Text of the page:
During operation of the speech recognizer, as shown in FIGS. 1 and 4, the speech recognition phase accesses the second means B in the trained network NN when speech is made available for recognition via the third speech input E3. The speech input is also shown in a step 20 in FIG. 4.
The third means C serves, as shown in a step 22, to image the stress-induced speech patterns to stress-free speech patterns. This takes place with the aid of the nonlinear imaging characteristics of the neural network.
The second means B for speech recognition can read out or pass on a recognized word or a number of recognized words, as shown in a step 24. If the speech input is stress-free, as determined in a step 26, then speech recognition can take place in a step 28 without using the unit C.
In addition to the imaging of stress-induced speech patterns to stress-free speech patterns, the above described device and the also described method can produce a reduction in additional noise. Additive background noise can be reduced as shown in FIG. 5, e.g., by additional means such as a second neural network.
The above explained methods and the devices can also be used to recognize speech altered by a dialect or an accent, when the dialect-induced pronunciation variations are trained for their systematic parameter changes.
As explained earlier, stress-free and stress-induced speech must be available during the training phase. However the production of stress-free speech is difficult, e.g., since a word that was previously generated and acquired under stress is very difficult to generate and acquire free of stress. Time period fluctuations, e.g., in the word plane, are particularly subject to problems. For example, a word of several syllables is difficult to reproduce identically under stress and without stress.
The following provides a solution to the problem by means of FIG. 2, which shows the search for corresponding sections in the speech patterns by using nonlinear dynamic time warping (DTW). Nonlinear dynamic time warping is a standard pattern recognition method known from speech adaption, with which the word plane is searched for corresponding speech sections, which in turn are used to train the neural network NN.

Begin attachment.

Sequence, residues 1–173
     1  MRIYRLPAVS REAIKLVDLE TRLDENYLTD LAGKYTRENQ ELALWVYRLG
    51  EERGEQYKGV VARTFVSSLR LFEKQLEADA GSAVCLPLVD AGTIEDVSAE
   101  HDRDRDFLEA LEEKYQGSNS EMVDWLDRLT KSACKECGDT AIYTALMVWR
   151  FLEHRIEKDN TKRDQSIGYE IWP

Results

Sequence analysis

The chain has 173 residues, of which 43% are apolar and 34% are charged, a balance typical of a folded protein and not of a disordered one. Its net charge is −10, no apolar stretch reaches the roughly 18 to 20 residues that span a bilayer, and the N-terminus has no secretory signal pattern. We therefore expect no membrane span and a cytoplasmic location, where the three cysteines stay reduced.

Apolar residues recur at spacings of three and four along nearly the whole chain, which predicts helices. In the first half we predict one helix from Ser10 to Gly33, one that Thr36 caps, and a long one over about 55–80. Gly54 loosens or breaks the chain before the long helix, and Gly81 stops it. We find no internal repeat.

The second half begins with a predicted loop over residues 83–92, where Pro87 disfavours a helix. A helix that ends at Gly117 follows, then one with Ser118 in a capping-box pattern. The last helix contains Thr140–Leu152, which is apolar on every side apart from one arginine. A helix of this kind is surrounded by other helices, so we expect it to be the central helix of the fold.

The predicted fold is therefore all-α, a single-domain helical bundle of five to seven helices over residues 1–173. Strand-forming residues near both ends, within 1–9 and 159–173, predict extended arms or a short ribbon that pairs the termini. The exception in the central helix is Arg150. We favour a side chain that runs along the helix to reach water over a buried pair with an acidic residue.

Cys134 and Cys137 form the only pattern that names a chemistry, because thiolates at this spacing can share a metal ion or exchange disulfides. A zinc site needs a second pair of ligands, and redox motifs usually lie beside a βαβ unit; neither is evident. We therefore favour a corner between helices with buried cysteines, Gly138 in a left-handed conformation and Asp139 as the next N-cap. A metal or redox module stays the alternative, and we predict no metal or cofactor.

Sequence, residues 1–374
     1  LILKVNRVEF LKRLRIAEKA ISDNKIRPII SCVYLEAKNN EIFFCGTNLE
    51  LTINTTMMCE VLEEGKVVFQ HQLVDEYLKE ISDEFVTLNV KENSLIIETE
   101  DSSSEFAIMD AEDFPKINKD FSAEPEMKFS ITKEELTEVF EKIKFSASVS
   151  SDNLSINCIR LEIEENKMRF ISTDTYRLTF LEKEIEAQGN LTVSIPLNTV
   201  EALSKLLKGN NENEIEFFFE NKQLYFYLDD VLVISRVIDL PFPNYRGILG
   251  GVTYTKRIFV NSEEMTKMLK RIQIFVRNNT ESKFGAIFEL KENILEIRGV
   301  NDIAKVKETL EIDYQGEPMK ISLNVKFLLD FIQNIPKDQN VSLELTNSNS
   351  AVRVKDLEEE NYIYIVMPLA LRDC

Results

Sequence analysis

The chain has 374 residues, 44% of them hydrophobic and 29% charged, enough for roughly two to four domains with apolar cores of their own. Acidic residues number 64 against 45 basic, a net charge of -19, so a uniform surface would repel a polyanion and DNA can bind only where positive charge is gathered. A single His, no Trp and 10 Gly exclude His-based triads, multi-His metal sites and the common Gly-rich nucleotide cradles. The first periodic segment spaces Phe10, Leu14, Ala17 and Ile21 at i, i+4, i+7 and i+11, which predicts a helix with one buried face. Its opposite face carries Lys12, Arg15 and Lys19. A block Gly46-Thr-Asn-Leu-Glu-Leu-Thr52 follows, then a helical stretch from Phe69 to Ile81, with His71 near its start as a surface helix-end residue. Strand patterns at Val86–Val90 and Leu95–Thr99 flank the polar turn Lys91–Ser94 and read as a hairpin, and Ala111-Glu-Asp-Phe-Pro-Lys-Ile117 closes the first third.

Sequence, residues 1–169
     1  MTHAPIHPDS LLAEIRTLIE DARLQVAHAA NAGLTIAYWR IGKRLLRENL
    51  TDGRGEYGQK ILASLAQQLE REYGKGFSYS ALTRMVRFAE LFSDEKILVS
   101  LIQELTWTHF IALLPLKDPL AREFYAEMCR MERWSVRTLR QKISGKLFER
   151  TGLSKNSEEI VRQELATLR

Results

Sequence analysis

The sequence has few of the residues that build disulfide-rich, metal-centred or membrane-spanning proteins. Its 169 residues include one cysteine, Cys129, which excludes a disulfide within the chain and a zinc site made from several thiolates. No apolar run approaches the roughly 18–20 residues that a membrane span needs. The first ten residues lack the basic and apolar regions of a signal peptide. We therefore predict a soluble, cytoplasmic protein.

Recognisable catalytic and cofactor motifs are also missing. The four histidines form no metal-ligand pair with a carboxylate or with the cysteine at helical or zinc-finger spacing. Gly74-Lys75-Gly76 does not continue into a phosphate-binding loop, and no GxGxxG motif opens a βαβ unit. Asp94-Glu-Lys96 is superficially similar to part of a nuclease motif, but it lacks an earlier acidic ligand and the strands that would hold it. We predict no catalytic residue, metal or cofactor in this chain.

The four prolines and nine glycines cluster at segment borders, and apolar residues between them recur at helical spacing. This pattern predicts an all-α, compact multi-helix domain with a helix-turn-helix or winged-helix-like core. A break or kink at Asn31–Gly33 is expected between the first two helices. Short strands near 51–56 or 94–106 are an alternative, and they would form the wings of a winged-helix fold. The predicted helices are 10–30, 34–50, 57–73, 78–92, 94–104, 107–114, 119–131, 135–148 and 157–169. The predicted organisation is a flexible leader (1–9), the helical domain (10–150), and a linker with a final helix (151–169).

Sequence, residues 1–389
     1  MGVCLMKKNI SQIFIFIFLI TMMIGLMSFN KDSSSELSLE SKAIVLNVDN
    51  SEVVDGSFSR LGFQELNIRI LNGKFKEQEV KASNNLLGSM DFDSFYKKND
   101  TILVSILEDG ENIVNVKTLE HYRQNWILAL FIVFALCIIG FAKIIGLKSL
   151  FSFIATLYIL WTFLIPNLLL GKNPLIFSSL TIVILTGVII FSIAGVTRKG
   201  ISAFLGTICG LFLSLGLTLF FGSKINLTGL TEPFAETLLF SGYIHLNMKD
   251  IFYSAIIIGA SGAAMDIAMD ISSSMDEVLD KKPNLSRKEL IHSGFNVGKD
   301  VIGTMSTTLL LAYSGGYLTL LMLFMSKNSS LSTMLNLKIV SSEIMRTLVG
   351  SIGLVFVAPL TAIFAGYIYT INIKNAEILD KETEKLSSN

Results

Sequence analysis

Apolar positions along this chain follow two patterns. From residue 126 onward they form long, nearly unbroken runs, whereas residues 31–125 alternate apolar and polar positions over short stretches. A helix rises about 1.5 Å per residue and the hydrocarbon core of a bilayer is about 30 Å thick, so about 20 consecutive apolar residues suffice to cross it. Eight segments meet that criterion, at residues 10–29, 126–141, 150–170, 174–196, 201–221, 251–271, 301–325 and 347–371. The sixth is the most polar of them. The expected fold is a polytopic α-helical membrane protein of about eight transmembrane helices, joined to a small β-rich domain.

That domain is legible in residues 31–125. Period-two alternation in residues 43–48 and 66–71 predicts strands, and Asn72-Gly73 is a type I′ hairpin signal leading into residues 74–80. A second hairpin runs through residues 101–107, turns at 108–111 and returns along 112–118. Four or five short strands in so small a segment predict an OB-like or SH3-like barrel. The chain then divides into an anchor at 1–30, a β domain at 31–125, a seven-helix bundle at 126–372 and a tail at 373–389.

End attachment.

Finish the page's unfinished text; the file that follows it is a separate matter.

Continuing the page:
According to the invention, nonlinear dynamic time warping, hereafter called DTW, is used in a feature vector plane, as shown in FIG. 2. The spoken words are normalized to a constant number k of feature vectors by means of DTW, for example to k=40. The search for corresponding places in the word takes place in both in stress-free and in stress-induced feature vectors. The training of the neural network NN for imaging and the imaging during speech recognition take place on a vector basis, because the DTW has found corresponding signal sections.
Another possibility (not illustrated) is the use on the basis of word subunits such as e.g. phonemes, diphones, vowels, consonants, syllables or parts of syllables. In this case as well, the lengths of the word subunits are normalized to the same number of feature vectors. Corresponding signal sections are assigned by means of DTW with this method as well. The training of the neural network NN takes place in the word subunit plane and the reduction of the speech variations due to the effect of stress takes place in the feature vector plane or on the basis of the word subunits.
Another possibility is the normalization to a whole word. The reduction of the stress effect on the speech then also takes place in the whole word plane.
Although the invention has been shown and described with respect to a best mode embodiment thereof, it should be understood by those skilled in the art that the foregoing and various other changes, omissions and additions in the form and detail thereof may be made therein without departing from the spirit and scope of the invention.
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|U.S. Classification||704/232, 704/E15.017, 704/241, 704/E15.039, 704/233|
|International Classification||G10L15/16, G10L15/02, G06N3/00, G10L15/08, G10L15/12, G06F15/18, G10L15/20|
|Cooperative Classification||G10L15/16, G10L15/20|
|European Classification||G10L15/20, G10L15/16|
|Aug 25, 1994||AS||Assignment|
Owner name: ALCATEL N.V., NETHERLANDS
Free format text: ASSIGNMENT OF ASSIGNORS INTEREST;ASSIGNORS:TROMPF, MICHAEL;HACKBARTH, HEIDI;REEL/FRAME:007137/0305
Effective date: 19940720
|Aug 11, 1998||CC||Certificate of correction|